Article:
stand alone voltage control and big 3 upgrade?

Discussion in 'GM Electrical Tech' started by Pikey, Feb 1, 2013.

  1. Pikey

    Pikey Moderator

    I have a 2005 yukon xl and am looking at doing a big 3 upgrade. My question is, there is a box on the negative battery cable of my truck. if I do the big 3, do I need to run the grounds thru this device? I think it is for the Stand alone Voltage Control, that is designed to adjust alternator output as needed and keep the battery charged at 80%. Will running the grounds away from this effect my truck's charging system?
    Last edited: Feb 1, 2013
  2. Jamm3r

    Jamm3r New Member

    A photo might help. Usually there's a red plastic plastic splice box in the positive cable where the cables for the alternator, starter, and battery come together.
  3. Pikey

    Pikey Moderator

    Here it is. On the other side it has GMSAVC written on it along with a part number. From the little research that I have done, it does not look like a good idea to go around it. As you can see there is not much room in the clamp for another wire. Maybe I will just clean the grounds for the battery. Then, install new grounds for the engine to frame and cab to frame. I just noticed in the pic how you can see the salt from the roads creeping from the wheel wells. Looks like it will be time for another engine detail soon!

  4. Pikey

    Pikey Moderator

    anyone have any ideas?
  5. Conlan Rose

    Conlan Rose Super Moderator

    [MENTION=50075]SurrealOne[/MENTION] might know, his truck is just a year older than yours and he did a major electrical upgrade.
  6. Pikey

    Pikey Moderator

    The 2004 trucks that I looked at did not have it. Maybe his did. Guess we will find out
  7. SurrealOne

    SurrealOne Former Member

    No box on my negative connection -- just the standard red plastic box on the positive connection.
  8. Toymyster

    Toymyster New Member

    That box does not connect to ground. It is only clamped to the ground cable. GM calls that box the Generator Battery Control Module. From what I gathered, it acts as a voltage regulator. If you are just looking for a ground, anywhere on your engine or chassis will do.
  9. Enkeiavalanche

    Enkeiavalanche Moderator

    What are you doing that you need the Big 3?
  10. Pikey

    Pikey Moderator

    I never said that it was connected to ground. My post clearly states that it is clamped around the wire. I am concerned that if I run the big three and basically bypass the module then I am not going to have the correct alternator output.

    - - - Updated - - -

    I want to do it because I have some future mods in mind. I also get some severe dimming of lights when I roll the windows up. The battery and alternator are brand new.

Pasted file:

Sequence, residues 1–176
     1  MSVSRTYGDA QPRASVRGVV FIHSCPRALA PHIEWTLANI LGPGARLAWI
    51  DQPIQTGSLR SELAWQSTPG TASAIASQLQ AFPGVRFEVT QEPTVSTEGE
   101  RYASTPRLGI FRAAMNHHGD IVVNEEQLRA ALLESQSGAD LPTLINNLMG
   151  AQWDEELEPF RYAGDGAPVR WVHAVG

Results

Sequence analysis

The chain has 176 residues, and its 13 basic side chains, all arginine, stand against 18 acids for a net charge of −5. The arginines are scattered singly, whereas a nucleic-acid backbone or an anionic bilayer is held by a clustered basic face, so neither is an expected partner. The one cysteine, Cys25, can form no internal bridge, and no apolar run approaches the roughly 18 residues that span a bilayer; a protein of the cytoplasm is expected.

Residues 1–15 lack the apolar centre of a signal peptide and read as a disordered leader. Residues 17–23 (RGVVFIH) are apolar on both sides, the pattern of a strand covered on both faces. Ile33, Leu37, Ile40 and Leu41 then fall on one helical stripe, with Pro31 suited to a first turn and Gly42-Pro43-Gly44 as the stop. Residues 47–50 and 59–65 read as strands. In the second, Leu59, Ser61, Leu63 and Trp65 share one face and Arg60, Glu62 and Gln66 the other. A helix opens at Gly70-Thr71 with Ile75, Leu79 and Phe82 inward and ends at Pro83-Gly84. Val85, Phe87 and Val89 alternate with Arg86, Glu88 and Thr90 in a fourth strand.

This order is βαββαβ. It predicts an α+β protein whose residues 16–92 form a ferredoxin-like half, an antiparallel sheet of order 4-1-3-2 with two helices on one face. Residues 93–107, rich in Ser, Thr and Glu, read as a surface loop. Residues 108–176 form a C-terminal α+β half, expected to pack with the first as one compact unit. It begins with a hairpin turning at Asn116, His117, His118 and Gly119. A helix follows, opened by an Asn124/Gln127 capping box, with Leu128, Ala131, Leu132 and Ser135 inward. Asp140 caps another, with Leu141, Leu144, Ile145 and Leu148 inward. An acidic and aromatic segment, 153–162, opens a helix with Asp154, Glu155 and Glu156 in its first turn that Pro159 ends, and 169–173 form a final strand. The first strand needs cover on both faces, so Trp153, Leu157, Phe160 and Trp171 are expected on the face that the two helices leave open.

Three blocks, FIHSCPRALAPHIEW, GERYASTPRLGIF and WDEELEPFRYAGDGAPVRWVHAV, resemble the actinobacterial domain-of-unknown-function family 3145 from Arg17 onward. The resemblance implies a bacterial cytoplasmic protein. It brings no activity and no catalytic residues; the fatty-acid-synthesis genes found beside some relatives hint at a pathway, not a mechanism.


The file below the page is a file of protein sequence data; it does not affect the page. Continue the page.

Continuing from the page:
11. Jamm3r

    Jamm3r New Member


    Thanks for the photo.

    I am unfamiliar with the details of the 2005-up voltage regulators but I know a thing or two about batteries and charging controls and can guess at most of it.

    What you call the "box on the negative battery cable" is a current sensor. Its purpose is to measure the current (amps) to and from the battery. It's one of the pieces of the puzzle that the computer has to have in order to accurately determine the ideal output voltage to set the alternator for. Battery temperature and the amount of time since the engine was started being the other important variables.

    So here's the scoop. See how you have two wires that both go from the - battery terminal and then through the ring of the current sensor? The large one goes to the engine block somewhere, and the small one goes to the sheet metal of the chassis, usually on the fender or to part of the radiator support structure. If you want to do a big 3 what you want to do is replace those with a single wire going from the battery terminal, through the ring, and to the engine block --- and then attach the existing little wire, the end of it that used to go to the - battery terminal, to the big wire by soldering a running splice, like this:

    Engine ground------------+-------O------- (-)battery
    .. . . . . . . . . . . . |
    .. . . . . . . . . . . . +---- fender/radiator support

    Where the "O" is the sensor.

    You'll find that without the little wire having to fit under there you can upsize the wire by at least a couple of sizes. Might want to take it to the parts store and test fit it since insulation thickness can vary from one wire type to the next.

    You make the running splice by stripping about 1-2" of insulation from the part of the larger cable where the splice will go, then wrapping the (stripped bare) end of the smaller wire around it 3-4 times. Then solder it with good, rosin-core, tin/lead solder, and wrap it with tape. A 300W soldering iron or gun works best but a torch will work too as long as you're careful not to overheat the joint.

    The current flow through the sensor with this setup will be the same as what you had with stock so the performance of the charging system will be exactly the same. In essence you want to run all the ground-to-battery connections through the device, but not any other grounds.

    ETA: Dots. Ignore the dots in the diagram, they're there so the forum software won't change the spacing
  12. Enkeiavalanche

    Enkeiavalanche Moderator

    Sounds good to me...
  13. Pikey

    Pikey Moderator

    Wow, I just saw this post! Thanks [MENTION=53334]jamm[/MENTION]3r that makes complete sense.

Share This Page